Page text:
Just returning home from our Paris trip, we're reflecting on the labels we've seen and the designers we've met. We've met many brands with a perspective on sustainability, but not necessarily the same understanding of how to approach the topic.
Visiting trade shows and showrooms is something new for us, and it has been a lot of fun! We started at 'Revolver' in Denmark during Copenhagen Fashion Week, and we just came back fresh from Paris - and we can already reveal that many new additions to Young Designers United have been discovered. We were really impressed with the styles and the quality of the labels we had an appointment with.
A while ago, we decided that we want to add more and more sustainable options to our store. We believe that especially basic pieces, such as plain cotton t-shirts, should originate from sustainable fabrics and sources. The first selection of sustainable pieces has already arrived in the store for the spring/summer season, but more will be added to the store in the next season. This is all to move towards the sustainable future that is needed.
In 2020, a lot of labels do different things to make their collection more sustainable. Some will use dead-stock fabrics (fabrics that are collecting dust in warehouses) to create their collections, others will use entirely organic materials for their pieces. And a third approach, and one that we value a lot, is creating pieces that are not trend-sensitive. But oftentimes, one perspective leads to the other.
It's our goal to curate an assortment that isn't based largely on the concept of seasons. We understand that there will always be seasons (because of the weather), but since the (temperature) difference between seasons are becoming less and less significant, there's mostly no need for a sharp division between your summer and winter wardrobe. In fact, most of your items can be used for most of the year.
Creating a lasting wardrobe
There are many approaches to creating a more sustainable wardrobe, and there is not one correct solution. However, we believe that being more sensible about what we are buying is the absolute best starting point. Spend some time to figure out what your style is, and be critical when shopping for new items. Cheap impulse buys from high-street chains can be tempting, but usually the quality isn't great, which causes you to discard the item faster. When we buy items of higher quality (both when it comes to the quality of the garment, but also in terms of design), we tend to treat it more carefully and treasure it for longer, making it a more sustainable choice. Though it can sound contradictory, we're firm believers that less is more when it comes to creating a lasting wardrobe: buy less, choose well and make it last: opt for high quality items that fit your style and suit you, avoid items that are too trend sensitive, and don't buy items you think you'll only wear for one occasion.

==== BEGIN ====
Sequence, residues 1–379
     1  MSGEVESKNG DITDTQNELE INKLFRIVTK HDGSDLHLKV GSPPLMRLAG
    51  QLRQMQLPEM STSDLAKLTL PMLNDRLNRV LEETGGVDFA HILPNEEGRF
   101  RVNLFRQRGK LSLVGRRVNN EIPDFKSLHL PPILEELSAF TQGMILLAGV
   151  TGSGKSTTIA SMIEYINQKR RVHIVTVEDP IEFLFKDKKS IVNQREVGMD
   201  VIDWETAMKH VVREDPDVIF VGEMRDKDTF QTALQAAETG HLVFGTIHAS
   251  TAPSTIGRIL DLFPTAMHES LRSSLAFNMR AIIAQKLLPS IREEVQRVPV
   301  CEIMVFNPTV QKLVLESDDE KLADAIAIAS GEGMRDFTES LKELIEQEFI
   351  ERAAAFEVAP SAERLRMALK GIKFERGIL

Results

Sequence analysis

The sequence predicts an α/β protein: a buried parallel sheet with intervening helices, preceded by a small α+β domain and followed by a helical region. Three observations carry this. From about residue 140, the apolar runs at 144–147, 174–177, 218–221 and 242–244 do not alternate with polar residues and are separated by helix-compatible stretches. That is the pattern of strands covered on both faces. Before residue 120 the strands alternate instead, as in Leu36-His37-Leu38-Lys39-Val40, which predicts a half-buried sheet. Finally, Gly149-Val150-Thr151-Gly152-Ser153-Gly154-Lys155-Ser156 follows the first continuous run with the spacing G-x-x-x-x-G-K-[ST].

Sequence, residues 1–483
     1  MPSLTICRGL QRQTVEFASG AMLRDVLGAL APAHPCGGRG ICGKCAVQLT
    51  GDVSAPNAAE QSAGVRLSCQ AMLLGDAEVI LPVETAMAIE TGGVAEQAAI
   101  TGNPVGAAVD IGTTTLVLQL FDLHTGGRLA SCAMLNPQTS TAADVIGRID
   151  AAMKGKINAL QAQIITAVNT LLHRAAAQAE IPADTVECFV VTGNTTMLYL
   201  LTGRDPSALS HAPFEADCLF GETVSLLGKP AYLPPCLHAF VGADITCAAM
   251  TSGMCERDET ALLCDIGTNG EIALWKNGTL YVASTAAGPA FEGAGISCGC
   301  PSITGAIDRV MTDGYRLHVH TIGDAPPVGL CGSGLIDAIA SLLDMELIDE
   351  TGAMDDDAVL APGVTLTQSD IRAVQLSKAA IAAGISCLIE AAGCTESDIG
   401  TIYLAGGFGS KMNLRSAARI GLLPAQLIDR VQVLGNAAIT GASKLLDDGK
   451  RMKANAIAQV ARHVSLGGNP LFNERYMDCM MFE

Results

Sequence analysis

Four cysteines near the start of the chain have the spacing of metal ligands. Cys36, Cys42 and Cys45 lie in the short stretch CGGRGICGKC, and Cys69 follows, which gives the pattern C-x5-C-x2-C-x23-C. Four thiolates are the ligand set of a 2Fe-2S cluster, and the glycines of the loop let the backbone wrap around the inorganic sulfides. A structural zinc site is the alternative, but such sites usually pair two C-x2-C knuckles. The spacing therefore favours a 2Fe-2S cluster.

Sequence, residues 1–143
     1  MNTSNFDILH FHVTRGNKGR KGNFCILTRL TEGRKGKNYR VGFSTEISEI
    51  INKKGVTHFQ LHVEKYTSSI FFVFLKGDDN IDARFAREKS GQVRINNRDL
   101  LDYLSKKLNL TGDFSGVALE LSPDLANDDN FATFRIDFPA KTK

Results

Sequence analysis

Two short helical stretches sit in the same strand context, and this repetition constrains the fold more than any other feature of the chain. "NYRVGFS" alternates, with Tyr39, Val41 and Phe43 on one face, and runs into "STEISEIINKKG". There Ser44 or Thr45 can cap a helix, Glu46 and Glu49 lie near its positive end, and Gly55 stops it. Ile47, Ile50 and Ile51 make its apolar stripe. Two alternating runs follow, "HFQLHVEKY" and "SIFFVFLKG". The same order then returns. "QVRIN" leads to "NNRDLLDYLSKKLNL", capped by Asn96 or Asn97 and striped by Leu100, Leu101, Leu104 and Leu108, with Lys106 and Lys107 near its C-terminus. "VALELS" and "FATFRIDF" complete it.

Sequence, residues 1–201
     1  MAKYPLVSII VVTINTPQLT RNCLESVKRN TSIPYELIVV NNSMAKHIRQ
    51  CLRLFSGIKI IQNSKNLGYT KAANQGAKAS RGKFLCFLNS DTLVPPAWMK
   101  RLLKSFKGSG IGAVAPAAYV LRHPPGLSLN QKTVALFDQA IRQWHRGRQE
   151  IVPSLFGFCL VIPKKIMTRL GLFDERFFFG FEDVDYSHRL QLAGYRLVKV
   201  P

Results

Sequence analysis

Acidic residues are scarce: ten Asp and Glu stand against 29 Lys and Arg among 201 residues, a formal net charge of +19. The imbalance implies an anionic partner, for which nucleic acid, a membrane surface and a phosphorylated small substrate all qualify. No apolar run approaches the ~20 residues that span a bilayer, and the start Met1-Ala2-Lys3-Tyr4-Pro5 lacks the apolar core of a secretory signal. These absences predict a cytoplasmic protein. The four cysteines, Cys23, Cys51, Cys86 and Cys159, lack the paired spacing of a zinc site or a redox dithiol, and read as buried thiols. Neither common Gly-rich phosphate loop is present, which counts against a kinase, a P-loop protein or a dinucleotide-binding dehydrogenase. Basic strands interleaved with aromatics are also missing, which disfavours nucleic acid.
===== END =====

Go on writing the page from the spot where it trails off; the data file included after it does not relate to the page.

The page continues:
Sustainable fashion is not boring
The words 'sustainable' and 'fashion' in the same sentence might sound boring to some. After all, isn't fashion about the latest styles and trends, different trends every season, with designers always presenting 'something new'? Yes and no. This used to be the case even though, ironically, we all know that fashion always rotates, and that the trend we swore never to wear again will almost certainly come back in style if we just wait long enough: possibly reinterpreted in some way, but not new.
In the past few years, there has certainly been an increased awareness in the fashion industry about sustainability, and the topic keeps gaining popularity. As Yves Saint Laurent once famously said: "Fashion fade, style is eternal". We all know that trends fade, sometimes incredibly quick, so why are we still focused on trying to keep up with a system that we know we can't keep up with?
Lately, many people from the fashion industry have made a point of this, especially influencers and designers. These people help to promote a more sustainable view on fashion, especially by addressing the topic with words, but also by showing in pictures how they are not afraid of wearing the same items multiple times, and how they seem to be focusing more on personal style than constantly being in tune with the latest trends. On the design-front we see a lot of emerging brands with a strong perspective on sustainability, and how these are communicating their mission in various ways, whether their focus being on only using organic materials, on creating timeless styles or (in many cases) a combination of these two.
The future of Young Designers United
Aesthetically our store is moving more towards a typical Scandinavian understanding of style, offering a calm and largely minimalist selection, but this is more than only an aesthetic decision: the labels we choose to focus on care greatly for the quality of the materials used. The garments we pick for the shop have the quality to last for years when treated well. We want to offer a curated selection of items that are more or less season-less (with a few exceptions), and that you'll want to reach out for not just this seasons, but also many seasons ahead. As fashion lovers we like and acknowledge trends, and we incorporate them in our assortment, but our heart lies in the timeless pieces.